For former Khmer Rouge officers accused of participating in Cambodian genocide, Christianity offers salvation

Up to 2.2 million died, but a UN-backed tribunal has dropped charges against many of those responsible. Now some are turning their backs on Buddhism and looking to Jesus for redemption.

A wiry, shrew-like grandmother clambers out of her hammock, scuttles across her front yard, and breaks into a toothy grin of satisfaction as she shows us around the church she had built less than 15 metres from her home.

Inside the simple wooden building, she raises a claw-like hand and points out rows of recent snapshots showing her leading services of worship, engaging in evangelist work around the region, and emerging from a muddy river with a triumphantly pious smile following her baptism.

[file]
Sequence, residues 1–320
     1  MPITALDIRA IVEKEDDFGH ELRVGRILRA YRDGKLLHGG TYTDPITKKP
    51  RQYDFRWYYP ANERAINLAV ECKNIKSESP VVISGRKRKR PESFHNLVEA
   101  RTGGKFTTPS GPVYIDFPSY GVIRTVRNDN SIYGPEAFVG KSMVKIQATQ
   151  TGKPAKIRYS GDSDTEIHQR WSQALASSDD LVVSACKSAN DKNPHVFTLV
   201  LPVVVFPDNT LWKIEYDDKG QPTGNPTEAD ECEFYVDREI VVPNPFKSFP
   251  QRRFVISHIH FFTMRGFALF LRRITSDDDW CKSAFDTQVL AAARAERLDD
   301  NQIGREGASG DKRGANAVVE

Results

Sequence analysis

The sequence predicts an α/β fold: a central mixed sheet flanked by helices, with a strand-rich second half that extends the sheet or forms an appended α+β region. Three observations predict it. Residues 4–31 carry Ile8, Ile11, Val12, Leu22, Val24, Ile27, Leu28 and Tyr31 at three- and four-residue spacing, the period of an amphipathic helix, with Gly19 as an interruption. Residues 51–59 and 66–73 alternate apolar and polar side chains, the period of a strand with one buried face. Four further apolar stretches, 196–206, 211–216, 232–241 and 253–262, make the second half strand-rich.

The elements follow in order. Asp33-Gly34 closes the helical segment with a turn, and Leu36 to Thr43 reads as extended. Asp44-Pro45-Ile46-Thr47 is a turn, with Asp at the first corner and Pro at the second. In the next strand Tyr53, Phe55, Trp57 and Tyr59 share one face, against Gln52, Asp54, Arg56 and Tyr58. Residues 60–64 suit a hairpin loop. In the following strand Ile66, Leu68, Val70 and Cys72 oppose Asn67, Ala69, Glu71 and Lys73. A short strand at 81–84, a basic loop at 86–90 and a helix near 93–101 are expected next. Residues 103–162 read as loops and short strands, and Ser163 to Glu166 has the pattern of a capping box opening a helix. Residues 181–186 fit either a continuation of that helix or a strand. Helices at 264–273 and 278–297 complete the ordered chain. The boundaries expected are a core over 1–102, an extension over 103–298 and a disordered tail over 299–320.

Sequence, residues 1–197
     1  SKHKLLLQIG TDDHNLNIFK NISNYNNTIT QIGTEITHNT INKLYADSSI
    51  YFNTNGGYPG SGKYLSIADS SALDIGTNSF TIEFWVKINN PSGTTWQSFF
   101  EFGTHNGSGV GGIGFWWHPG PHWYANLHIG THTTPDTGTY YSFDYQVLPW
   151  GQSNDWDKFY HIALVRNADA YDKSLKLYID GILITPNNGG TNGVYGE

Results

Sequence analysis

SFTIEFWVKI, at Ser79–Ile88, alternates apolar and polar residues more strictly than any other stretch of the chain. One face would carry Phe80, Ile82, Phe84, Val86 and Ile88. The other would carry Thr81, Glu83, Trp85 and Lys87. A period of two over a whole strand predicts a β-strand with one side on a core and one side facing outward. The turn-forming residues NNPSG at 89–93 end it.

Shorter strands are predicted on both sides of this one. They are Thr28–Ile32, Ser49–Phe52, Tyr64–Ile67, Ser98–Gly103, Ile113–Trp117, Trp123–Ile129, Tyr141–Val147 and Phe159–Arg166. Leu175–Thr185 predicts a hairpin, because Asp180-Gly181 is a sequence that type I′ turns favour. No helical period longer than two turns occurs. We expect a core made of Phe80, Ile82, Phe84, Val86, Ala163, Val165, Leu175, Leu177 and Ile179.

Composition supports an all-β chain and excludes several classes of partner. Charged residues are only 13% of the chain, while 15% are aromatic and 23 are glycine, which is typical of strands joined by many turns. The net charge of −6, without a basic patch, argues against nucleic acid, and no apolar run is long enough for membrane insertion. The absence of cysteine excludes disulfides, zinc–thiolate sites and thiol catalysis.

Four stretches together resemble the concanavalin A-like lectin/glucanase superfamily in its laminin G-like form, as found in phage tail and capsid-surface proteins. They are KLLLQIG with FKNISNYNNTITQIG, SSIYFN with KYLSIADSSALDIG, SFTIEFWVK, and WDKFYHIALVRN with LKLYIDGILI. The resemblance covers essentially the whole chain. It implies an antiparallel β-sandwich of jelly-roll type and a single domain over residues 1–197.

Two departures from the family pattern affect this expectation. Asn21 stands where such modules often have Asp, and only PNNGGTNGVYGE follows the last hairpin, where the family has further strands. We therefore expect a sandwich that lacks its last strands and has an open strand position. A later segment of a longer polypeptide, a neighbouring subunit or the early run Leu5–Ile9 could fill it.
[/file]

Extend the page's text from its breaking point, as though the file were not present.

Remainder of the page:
It is two years since the twilight-years epiphany of Im Chaem, but few neighbours appear to share the 77-year-old’s missionary zeal in this dusty backwater in far north Cambodia, where most people are devout Buddhists. Only her family and the occasional visiting cleric attend Sunday services at the church she converted from an old rice mill and filled with more red plastic chairs than its spartan congregation could ever hope to use.

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